Friday, April 1, 2011

My Rector of Choice Speaks

The Reverend Mary Ann Hill
Saint Dunstan's Tulsa
So how do we be human and be kind? There are ways to help us learn not to be stinky, or hateful, or unkind. One way which I find myself coming back to over and over again is this: before we say something about someone else, or think ugly thoughts, we can ask ourselves: “Is it true? Is it kind? Is it necessary?”

I didn’t come up with this idea myself. These three questions have been around for ages. They’re attributed to many different sources, including Socrates, Quakers, and Buddhists. It was mentioned recently in a Wall Street Journal article: “Before You Gossip, Ask Yourself This ...”by Jeffrey Zaslow. The article talks about the efforts some adults are making to help young people learn how to communicate in ways that are kind and compassionate, especially in this age of Facebook and My Space. In his article he relates this story:

I've never forgotten a letter I once received from a reader, who told me about going to a dance when she was a teen. "My mother was waiting for me when I came home," she wrote. "But instead of telling her I had a great time, I regaled her with a scathing description of some incredible nerd who'd tried to dance with me. In essence, I said that this guy had a lot of nerve to expect anyone to dance with a person as weird and ugly as he was.

"When I finished my tirade, my mom said, 'You know, this boy you find ugly and weird is some mother's pride and joy. She waited for him to come home, just like I waited for you, hoping to hear he'd had a nice time at the dance. But when he came home, she saw his face, she knew someone hurt him, and it broke her heart. So the next time a boy asks you to dance, before you turn him down or make fun of him, just remember: Every boy is some mother's son.' "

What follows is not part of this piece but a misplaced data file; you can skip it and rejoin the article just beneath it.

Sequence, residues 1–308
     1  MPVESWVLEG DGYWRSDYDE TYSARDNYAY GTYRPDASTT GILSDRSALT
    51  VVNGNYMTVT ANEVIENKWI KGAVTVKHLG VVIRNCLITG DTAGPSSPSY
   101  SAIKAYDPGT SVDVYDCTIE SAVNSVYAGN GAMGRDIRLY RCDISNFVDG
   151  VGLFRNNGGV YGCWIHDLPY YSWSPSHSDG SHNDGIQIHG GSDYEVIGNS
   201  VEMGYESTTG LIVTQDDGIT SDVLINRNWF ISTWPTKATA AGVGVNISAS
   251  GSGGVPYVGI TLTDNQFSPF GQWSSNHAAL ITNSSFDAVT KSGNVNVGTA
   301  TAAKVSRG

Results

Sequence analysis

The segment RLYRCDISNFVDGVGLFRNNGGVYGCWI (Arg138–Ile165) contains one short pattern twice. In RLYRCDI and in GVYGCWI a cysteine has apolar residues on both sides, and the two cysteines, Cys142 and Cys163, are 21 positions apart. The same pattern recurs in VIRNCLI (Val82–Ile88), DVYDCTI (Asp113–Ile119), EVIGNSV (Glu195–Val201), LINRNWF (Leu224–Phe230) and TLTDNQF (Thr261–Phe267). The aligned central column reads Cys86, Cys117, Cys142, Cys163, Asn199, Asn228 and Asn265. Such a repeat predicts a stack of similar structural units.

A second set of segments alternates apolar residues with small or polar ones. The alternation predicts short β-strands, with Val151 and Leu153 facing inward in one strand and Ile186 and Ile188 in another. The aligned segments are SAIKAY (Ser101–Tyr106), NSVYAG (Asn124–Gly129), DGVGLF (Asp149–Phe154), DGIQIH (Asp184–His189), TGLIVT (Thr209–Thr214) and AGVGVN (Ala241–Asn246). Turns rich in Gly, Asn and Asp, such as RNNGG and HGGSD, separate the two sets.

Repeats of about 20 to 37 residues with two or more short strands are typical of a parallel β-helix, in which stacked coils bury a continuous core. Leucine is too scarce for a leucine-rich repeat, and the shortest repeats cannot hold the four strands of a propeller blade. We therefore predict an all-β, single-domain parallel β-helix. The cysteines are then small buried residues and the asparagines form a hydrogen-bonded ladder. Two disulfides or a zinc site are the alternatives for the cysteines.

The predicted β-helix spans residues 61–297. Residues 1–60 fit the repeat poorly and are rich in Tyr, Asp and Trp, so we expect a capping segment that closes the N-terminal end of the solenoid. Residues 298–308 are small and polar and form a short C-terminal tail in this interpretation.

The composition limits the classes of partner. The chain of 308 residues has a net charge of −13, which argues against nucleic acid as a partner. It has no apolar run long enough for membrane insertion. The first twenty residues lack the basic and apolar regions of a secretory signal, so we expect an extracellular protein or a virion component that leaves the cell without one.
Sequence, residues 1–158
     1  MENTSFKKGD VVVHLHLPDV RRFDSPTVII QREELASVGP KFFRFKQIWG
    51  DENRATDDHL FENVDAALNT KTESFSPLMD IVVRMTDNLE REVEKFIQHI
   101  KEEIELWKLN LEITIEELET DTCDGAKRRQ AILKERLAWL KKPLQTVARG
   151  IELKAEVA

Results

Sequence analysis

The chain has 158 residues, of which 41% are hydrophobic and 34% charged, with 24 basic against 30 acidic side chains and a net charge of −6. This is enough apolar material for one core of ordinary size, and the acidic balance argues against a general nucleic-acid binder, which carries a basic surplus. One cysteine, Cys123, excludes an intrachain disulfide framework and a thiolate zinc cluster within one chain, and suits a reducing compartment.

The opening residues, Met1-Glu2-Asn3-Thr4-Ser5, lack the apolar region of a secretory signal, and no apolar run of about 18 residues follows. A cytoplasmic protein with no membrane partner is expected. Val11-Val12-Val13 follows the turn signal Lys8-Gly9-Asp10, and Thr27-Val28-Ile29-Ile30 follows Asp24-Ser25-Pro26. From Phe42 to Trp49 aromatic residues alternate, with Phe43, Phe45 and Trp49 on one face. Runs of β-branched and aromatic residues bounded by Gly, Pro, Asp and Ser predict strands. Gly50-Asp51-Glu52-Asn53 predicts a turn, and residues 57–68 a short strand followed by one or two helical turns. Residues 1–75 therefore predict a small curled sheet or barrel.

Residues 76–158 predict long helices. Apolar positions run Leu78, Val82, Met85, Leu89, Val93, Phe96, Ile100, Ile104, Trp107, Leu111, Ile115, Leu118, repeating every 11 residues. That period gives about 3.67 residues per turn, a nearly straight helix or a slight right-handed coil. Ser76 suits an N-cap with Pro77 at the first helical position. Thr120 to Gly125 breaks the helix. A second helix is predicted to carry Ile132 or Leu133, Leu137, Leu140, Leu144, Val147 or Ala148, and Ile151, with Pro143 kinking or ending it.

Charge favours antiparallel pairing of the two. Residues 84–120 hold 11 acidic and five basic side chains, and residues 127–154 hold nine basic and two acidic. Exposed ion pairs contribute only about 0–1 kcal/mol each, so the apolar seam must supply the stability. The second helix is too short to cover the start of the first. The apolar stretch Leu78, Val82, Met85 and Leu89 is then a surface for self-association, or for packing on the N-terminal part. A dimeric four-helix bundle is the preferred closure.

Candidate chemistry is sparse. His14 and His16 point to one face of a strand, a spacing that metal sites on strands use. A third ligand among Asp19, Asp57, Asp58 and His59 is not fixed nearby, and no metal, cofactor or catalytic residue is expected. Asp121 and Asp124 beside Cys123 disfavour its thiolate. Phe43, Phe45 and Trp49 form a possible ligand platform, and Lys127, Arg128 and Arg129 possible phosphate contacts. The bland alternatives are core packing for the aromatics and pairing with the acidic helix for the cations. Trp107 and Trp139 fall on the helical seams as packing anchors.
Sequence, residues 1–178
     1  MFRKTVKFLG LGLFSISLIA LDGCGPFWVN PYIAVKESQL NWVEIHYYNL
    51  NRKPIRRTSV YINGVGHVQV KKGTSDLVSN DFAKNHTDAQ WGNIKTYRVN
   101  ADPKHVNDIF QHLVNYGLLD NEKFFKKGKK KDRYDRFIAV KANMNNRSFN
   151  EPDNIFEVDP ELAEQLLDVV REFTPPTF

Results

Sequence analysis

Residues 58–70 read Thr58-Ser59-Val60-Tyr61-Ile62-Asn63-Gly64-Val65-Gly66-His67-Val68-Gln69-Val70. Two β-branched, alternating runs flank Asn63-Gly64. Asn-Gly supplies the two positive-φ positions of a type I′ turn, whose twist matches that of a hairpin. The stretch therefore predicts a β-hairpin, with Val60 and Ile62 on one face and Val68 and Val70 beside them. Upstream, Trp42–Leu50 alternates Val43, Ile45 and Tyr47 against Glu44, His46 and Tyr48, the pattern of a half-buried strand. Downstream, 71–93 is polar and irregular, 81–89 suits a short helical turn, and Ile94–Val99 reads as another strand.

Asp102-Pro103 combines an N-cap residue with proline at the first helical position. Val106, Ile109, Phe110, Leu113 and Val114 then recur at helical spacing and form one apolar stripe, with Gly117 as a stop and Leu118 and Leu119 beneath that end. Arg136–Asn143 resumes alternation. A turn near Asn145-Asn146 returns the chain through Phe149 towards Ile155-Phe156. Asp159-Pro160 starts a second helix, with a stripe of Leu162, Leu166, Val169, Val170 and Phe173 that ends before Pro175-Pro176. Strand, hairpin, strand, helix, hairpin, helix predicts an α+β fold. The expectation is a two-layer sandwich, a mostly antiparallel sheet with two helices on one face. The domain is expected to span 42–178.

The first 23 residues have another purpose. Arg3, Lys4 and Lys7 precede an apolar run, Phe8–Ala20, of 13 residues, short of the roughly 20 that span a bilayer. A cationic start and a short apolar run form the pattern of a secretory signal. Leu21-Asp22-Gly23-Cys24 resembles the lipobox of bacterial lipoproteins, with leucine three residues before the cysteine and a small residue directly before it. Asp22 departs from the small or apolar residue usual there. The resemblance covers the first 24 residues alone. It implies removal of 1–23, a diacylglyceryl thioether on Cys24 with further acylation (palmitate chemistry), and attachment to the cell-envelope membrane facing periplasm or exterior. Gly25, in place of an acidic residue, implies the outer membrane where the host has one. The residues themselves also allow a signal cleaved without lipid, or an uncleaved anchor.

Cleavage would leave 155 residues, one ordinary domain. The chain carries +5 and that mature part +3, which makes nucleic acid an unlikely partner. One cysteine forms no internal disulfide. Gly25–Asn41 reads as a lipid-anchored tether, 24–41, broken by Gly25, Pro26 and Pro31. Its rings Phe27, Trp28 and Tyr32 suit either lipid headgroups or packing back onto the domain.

Not only is every boy some mother’s son, but everyone we encounter is a child of God, even the ones who may get on our nerves or irritate us. It’s human nature to get annoyed, but next time it happens to you, take a moment to ask God to help you be kind and compassionate, patient and understanding. God knows we need help with these things, but by the act of regularly asking for it, we help keep our minds on the right side of the Golden Rule. And next time you’re tempted to say or think something ugly about someone else, ask yourself: “Is it kind, is it true, is it necessary?”
Set a watch before my mouth, O Lord, and guard the door of my lips; let not my heart incline to any evil thing.
- Psalm 141:3

Read Reverend Hill's entire reflection here.
Previous Boom3 comment from Hill here.

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